Just because something has a bunch of shares/re-posts on social media doesn’t mean it actually works. In fact, some of the so-called “beauty hacks” out there are sensitizing, irritating, and acne-inducing.
Read through the list below to find out which beauty “hacks” you should avoid.
1. Baking Soda
Almost every beauty blogger on the face of the planet has made a post or two about the magical wonders of baking soda.
And, if you’ve ever tried it out yourself, you might have found that it actually did make your face a little smoother
With frequent use, however, you’re in for trouble.
The biggest issue with baking soda is that it’s a highly alkaline substance. While this makes it great for degreasing pots and pans, your skin’s acidic outer shell (aka your protective barrier) isn’t going to appreciate it.
You see, your skin’s outer layer acts like a stabilizer. Not only does it protect you from harmful elements in the environment (like bacteria and pollution), but it also prevents moisture loss. By applying something that doesn’t jive with your skin’s pH (i.e. baking soda), your skin’s outer layer won’t be able to protect itself anymore. Which will ultimately lead to dehydrated and acne-prone skin.
You might like: What Causes Dehydrated Skin [And How to Fix It]
2. Lemons + Limes + Grapefruits
Vitamin C serums are all the rage. So in an effort to save some dough, you might think you can use citrus fruits in lieu of expensive store-bought serums.
Well, not so fast.
Let’s say you apply lemon juice to your face in the morning. Then, you go on a morning run. Since lemons have phototoxic properties (like furocoumarins and psoralens), you might develop something akin to a sunburn. And when the “sunburn” subsides, you’ll be left with a butt ton of hyperpigmentation. Eek.
Even if you’re not planning to use lemons in your beauty routine, you should still spike your concerns about hyperpigmentation in the summertime. Some studies have found a link between drinking mojitos and phytophotodermatitis.
Sticking to serums are the best way to reap the benefits of Vitamin C. I use Mad Hippie’s Vitamin C serum because it’s gentle, it’s affordable, and it makes my skin glow. Read my review here.
In the past few years, apple cider vinegar has gained a cult following. And its followers use it for absolutely everything. But like every other item on this list, vinegar is not meant to be used on your face. At least not when it’s undiluted.
Unsurprisingly, vinegar is acidic. As such, applying acids to your face in high concentrations can lead to chemical burns.
Terrifyingly, I’ve seen a lot of tutorials about apple cider vinegar and moles. Since moles can be hotspots for far more nefarious health concerns (like skin cancer), you really shouldn’t chance it. If you want to get rid of a mole, go to your dermatologist. NO EXCEPTIONS!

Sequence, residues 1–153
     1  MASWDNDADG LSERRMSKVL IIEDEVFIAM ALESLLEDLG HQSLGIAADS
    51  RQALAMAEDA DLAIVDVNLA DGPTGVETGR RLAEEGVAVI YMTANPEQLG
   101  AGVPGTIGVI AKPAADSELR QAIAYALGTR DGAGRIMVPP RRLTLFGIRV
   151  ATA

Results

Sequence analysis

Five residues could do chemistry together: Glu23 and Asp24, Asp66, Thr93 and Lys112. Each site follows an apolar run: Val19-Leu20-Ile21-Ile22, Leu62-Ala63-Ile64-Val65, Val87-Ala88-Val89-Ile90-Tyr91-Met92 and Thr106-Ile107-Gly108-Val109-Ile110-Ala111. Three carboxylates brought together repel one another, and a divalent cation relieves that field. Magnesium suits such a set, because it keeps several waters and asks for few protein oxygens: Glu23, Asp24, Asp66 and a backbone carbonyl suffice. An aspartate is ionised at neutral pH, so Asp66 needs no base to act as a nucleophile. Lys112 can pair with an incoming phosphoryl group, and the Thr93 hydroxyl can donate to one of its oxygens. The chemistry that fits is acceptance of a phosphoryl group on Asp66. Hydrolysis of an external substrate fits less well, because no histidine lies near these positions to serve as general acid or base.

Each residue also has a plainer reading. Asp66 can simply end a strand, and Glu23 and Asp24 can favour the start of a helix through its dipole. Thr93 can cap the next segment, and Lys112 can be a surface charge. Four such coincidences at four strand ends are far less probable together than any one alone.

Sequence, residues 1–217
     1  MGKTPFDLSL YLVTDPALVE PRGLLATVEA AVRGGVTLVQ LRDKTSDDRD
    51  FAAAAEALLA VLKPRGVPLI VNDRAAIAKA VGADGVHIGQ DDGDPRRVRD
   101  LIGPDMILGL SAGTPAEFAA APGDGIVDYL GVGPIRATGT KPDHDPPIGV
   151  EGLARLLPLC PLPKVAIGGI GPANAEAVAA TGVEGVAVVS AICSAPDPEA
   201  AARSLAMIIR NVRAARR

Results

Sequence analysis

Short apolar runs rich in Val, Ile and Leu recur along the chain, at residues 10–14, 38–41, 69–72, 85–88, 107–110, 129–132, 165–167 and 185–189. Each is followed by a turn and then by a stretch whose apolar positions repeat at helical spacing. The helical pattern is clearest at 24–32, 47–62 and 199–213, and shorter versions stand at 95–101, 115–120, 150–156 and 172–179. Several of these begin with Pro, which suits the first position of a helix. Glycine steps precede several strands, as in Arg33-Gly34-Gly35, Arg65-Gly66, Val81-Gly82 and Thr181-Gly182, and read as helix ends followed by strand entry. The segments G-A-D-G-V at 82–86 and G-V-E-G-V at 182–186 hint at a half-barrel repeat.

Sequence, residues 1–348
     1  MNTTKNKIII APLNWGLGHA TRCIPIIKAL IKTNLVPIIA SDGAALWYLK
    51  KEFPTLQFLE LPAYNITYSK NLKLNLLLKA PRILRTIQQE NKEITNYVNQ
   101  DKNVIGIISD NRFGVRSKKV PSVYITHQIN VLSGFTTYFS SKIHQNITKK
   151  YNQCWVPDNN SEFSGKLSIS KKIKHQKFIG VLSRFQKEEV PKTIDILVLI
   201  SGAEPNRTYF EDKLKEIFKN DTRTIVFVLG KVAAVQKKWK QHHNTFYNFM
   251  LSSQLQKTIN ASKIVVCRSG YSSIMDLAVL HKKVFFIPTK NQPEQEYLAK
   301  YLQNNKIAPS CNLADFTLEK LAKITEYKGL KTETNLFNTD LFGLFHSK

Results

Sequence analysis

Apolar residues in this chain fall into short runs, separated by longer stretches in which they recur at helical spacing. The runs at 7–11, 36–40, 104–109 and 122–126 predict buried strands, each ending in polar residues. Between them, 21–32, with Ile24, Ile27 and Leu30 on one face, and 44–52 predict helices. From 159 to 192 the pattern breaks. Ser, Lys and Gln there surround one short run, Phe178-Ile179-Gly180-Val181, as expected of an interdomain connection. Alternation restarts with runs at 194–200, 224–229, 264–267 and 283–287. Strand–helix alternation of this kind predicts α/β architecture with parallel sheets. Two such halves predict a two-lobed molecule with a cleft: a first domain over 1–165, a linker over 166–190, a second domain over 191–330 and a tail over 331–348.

If you really, really, really want to use vinegar on your skin, use it in a diluted mixture.
FYI: S.W. Basics makes a killer toner containing both apple cider vinegar and witch hazel.
4. Essential Oils
True story: My mom read a Pinterest infographic about foot fungus, applied tea tree oil to her big toe, and guess what happened next. Yep, her toenail fell off. Needless to say, the doctor she visited the next day was very concerned–you could tell he’d never seen anything like it.
Much like vinegar, essential oils aren’t meant to be used undiluted. But honestly, even if you dilute this stuff in a carrier oil, you’ll still run the risk of mucking up your skin.
Here’s the thing. Essential oils are irritating. And using them on your skin can cause redness or, as one study found, cedarwood oil left lesions on rat skin.
Animal testing aside, I wouldn’t want to take the chance on something that could decimate my skin.
It’s important to do your research prior to use, especially when your kids and your pets are involved. And, as always, pregnant women should be particularly careful as large doses can become toxic to your little one.
Cinnamon will burn the heck out of your skin. And, no. The burning sensation doesn’t mean that the mask is working. It means that you need to wash off the mask ASAP. In order to save your skin from raw-ness, redness, itchiness, and patchiness, please skip the cinnamon.
6. Elmer’s Glue
You might be wondering why this is on the list. Strangely enough, beauty gurus have been using Elmer’s Glue (yes, the kind you used in elementary school) to get rid of their blackheads.
Now, I’m no chemist, so I can’t be certain. But I bet that it’s comedogenic (aka pore-clogging).
And just like Biore strips, yanking glue off your oh-so-sensitive skin can cause broken capillaries. Which are permanent, unless you go to the dermatologist and zap them away with special lasers.
7. Egg White Masks
Applying egg whites on your skin might make your face feel tighter. But, not all eggs are made equal—there are unpasteurized eggs and pasteurized eggs.
Unpasteurized eggs are chock-full of bacteria. Since bacteria commonly leads to breakouts, you might want to skip out on this remedy.
And, if that isn’t enough to deter you, think about salmonella poisoning. Sure, it’s pretty rare. But using an egg mask carries that risk.
DIY Beauty Hacks: Final Thoughts
Listen, I know that some of you attempt these remedies because you feel desperate. I can definitely sympathize with that—I’ve low-key tried most of them when I was a puberty-stricken teen. But, there are better, more effective treatments out there. Some are even natural/organic if that’s what floats your boat.
For a beauty hack that does work, try bentonite clay. Read my article about its badass benefits here.